September 13, 2007
Local Soldier Injured In Combat in Afghanistan
Just days before Americans remember one of the darkest days in recent history, the War of Terror that was sparked by the terrorist attacks of September 11th struck close to home as news was received that a local soldier was wounded in Afghanistan.
Stephen Schneider, 23, was injured during combat operations in southern Afghanistan on Saturday, September 8th. A road-side bomb detonated destroying the vehicle Schneider was in. The explosion killed one soldier and wounded four others, including Schneider, who was medivacked to the field hospital at the British base Camp Bastion.
“We received a call from Stephen’s commander on Sunday morning at 4:00 a.m. telling us that he had been in a vehicle that was destroyed by a roadside bomb, but that he was okay,” said Stephen’s father Dr. Robert Schneider of Memphis.
Robert and Sue received a call later that day from Stephen informing them that he had suffered smoke inhalation and corneal abrasions in the attack and had been flown from the base for treatment of his injuries.
Dr. Schneider learned that his son was on an IV and was receiving pain medication for what had been classified as non-serious injuries (NSI) but had left him with some vision problems and in need of the special medical attention.
According to the International Herald Tribune, the attack occurred approximately five miles west of the city of Sangien.
Up until the phone call on Sunday morning, the Schneiders did not even know where their son had been deployed.
Schneider, a hospital corpsman with the United States Navy, had been attached to the Marine Special Operations Command Detachment 2. Because of the nature of his operation, he was previously unable to tell his family where he was being sent when he received word of his six-month deployment to Afghanistan.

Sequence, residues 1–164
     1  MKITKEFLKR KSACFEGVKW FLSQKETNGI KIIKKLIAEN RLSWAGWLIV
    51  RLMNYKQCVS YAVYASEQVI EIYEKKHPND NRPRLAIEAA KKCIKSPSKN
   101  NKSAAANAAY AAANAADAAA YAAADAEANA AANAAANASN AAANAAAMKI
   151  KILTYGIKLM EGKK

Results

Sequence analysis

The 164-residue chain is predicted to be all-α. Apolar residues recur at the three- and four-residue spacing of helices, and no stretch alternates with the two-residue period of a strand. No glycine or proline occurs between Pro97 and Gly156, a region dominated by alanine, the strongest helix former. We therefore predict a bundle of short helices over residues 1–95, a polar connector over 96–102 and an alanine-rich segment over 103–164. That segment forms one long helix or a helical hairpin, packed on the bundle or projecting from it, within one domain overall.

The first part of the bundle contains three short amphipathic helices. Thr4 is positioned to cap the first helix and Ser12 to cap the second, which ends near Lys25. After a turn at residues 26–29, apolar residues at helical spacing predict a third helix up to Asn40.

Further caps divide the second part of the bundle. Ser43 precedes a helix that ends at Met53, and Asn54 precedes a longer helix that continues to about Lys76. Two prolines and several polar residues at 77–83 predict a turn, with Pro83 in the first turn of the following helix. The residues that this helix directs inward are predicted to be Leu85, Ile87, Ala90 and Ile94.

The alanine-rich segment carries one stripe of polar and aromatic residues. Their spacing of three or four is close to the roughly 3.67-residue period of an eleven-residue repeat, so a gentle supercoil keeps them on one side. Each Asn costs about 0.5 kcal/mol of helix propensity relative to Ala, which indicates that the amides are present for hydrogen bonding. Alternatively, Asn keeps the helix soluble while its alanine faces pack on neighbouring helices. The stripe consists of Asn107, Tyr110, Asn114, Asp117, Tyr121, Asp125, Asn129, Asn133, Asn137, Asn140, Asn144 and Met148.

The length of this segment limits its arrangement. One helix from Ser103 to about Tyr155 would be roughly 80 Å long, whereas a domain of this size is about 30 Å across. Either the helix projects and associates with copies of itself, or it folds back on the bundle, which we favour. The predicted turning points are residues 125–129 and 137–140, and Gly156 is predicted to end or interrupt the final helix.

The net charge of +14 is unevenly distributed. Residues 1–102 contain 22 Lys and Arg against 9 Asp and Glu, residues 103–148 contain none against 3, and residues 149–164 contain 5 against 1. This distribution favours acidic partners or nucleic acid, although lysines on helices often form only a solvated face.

Ironically, that deployment was set to conclude, and Stephen had called his parents just the day before the incident to let them know he would be coming home soon.
“It definitely has been an emotional roller coaster, going from the excitement of knowing he was coming home soon to this,” said Dr. Schneider.
Those emotions turned to frustration for the family as they waited more than two days to get an update on their son’s medical condition. As of Tuesday morning, September 11th, the family still had not received any additional information.
“As ex-military, I understand the situation but that doesn’t make it any easier as parents needing to know how our son is,” Dr. Schneider said.
Finally Stephen was able to get in touch with his parents later Tuesday morning to let them know he had been transported to an Air Force base where he was continuing to receive treatment for blurry vision and lung irritation caused by smoke inhalation, but that he was alright and had some good news.
“He couldn’t tell us where he was, but he told us he would be boarding a ship pretty soon to come home for his leave, as had been planned before all of this happened,” Dr. Schneider stated. “Our prayers have been answered.”
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